Gerald R. Ford Leadership Forum

Burke’s Speech to the Assembly

by Jeff Polet

In our enthusiasm to declare our independence from England, we Americans often forget that the American Revolution is a development of English political history and not a rejection of it. Writers during the revolutionary period often quoted Magna Carta, the historic English document that was an early articulation of the idea that human beings possessed basic rights. Many American “founders” regarded 1688 (The Glorious Revolution) and not 1776 (The Declaration of Independence) as America’s true birth year. Nor should it be forgotten that Jefferson’s document appealed to the historic rights of Englishmen.

Russell Kirk liked to remind readers that the so-called American Revolution was a revolution avoided, not accomplished, precisely because the Americans saw themselves as acting in continuity with English history and developing the English constitutional traditional. It contrasted sharply with the French Revolution, one which saw itself as starting the world anew, rejecting the French past and its organization around throne and altar. We recall Diderot’s admonition that “Man will never be free until the last king is strangled with the entrails of the last priest.”

The greatest critic of the French Revolution, Irishman Edmund Burke, was also one of the great defenders of the interests of the American colonies. In an impassioned speech to Parliament in 1775, dealing with last-ditch efforts to reconcile with the colonies, Burke reminded his compatriots of the colonies’ English heritage, and continued:

“In this character of the Americans, a love of freedom is the predominating feature which marks and distinguishes the whole: and as an ardent is always a jealous affection, your colonies become suspicious, restive, and untractable [sic], whenever they see the least attempt to wrest from them by force, or shuffle from them by chicane, what they think the only advantage worth living for. This fierce spirit of liberty is stronger in the English colonies probably than in any other people of the earth; and this from a great variety of powerful causes; which, to understand the true temper of their minds, and the direction which this spirit takes, it will not be amiss to lay open somewhat more largely.”

By the time we get to the Declaration of Independence, the colonies already had 150+ years of history behind them, and in those years they had operated quite independently of the English government, having established popular assemblies and inculcated the habits associated with elected government.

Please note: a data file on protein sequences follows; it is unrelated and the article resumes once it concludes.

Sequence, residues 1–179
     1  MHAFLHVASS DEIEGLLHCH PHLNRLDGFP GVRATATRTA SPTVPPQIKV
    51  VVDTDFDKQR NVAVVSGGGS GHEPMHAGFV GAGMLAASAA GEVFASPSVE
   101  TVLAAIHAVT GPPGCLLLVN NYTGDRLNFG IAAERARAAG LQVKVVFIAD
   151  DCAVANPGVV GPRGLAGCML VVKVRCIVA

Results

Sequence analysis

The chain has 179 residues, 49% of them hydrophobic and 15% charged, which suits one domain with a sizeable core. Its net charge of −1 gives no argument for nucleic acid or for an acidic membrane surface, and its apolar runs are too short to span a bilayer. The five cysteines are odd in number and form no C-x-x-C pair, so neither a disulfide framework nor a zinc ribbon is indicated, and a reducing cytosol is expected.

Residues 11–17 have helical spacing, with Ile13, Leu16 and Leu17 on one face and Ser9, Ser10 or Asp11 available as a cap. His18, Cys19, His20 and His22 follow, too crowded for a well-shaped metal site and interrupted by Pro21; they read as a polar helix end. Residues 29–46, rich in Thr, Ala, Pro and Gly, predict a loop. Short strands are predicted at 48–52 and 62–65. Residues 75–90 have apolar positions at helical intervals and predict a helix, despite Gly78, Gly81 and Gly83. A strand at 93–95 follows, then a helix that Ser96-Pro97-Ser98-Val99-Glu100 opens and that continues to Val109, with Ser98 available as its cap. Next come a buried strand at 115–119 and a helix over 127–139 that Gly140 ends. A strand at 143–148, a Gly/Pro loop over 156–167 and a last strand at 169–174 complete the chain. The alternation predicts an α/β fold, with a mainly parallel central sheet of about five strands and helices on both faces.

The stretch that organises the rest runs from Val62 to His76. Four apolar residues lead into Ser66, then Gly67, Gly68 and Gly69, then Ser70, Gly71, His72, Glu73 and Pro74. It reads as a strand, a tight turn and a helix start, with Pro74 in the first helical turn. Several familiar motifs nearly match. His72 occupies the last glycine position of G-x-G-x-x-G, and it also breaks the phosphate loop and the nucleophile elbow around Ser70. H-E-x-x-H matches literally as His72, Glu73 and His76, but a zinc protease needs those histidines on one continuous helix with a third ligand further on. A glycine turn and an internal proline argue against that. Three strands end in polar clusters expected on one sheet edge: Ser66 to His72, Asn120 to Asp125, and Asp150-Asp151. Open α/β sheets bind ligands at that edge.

But Burke pushes his argument beyond history and habit. He takes note of the role of religion in the colonies and the fact that the colonists are overwhelmingly Protestant and thus have dissent in their blood.

“But the dissenting interests have sprung up in direct opposition to all the ordinary powers of the world; and could justify that opposition only on a strong claim to natural liberty. Their very existence depended on the powerful and unremitted assertion of that claim. All Protestantism, even the most cold and passive, is a sort of dissent. But the religion most prevalent in our northern colonies is a refinement on the principle of resistance; it is the dissidence of dissent, and the Protestantism of the Protestant religion. This religion, under a variety of denominations agreeing in nothing but in the communion of the spirit of liberty, is predominant in most of the northern provinces; where the Church of England, notwithstanding its legal rights, is in reality no more than a sort of private sect, not composing most probably the tenth of the people. The colonists left England when this spirit was high, and in the emigrants was the highest of all; and even that stream of foreigners, which has been constantly flowing into these colonies, has, for the greatest part, been composed of dissenters from the establishments of their several countries, and have brought with them a temper and character far from alien to that of the people with whom they mixed.”

The early history of America is unthinkable without reference to religion in general and Protestant Christianity in particular. Efforts by scholars to downplay religion’s role tells us more about them and our present than they do about our past.

Finally, Burke reflected on the logistical difficulties associated with intercontinental imperial rule.

“The last cause of this disobedient spirit in the colonies is hardly less powerful than the rest, as it is not merely moral, but laid deep in the natural constitution of things. Three thousand miles of ocean lie between you and them. No contrivance can prevent the effect of this distance in weakening government. Seas roll, and months pass, between the order and the execution; and the want of a speedy explanation of a single point is enough to defeat a whole system.”

In an observation that is as relevant today as it was then, Burke shrewdly argued that the British Parliament could not deny liberty to the colonists without undermining the very idea of liberty itself.

“For, in order to prove that the Americans have no right to their liberties, we are every day endeavouring to subvert the maxims which preserve the whole spirit of our own. To prove that the Americans ought not to be free, we are obliged to depreciate the value of freedom itself; and we never seem to gain a paltry advantage over them in debate, without attacking some of those principles, or deriding some of those feelings, for which our ancestors have shed their blood.”

Discussion Questions:

  1. What are the defining features of a political revolution? Do they describe the American Revolution?
  2. What are the main differences between the American and French revolutions?
  3. Where do rights come from?

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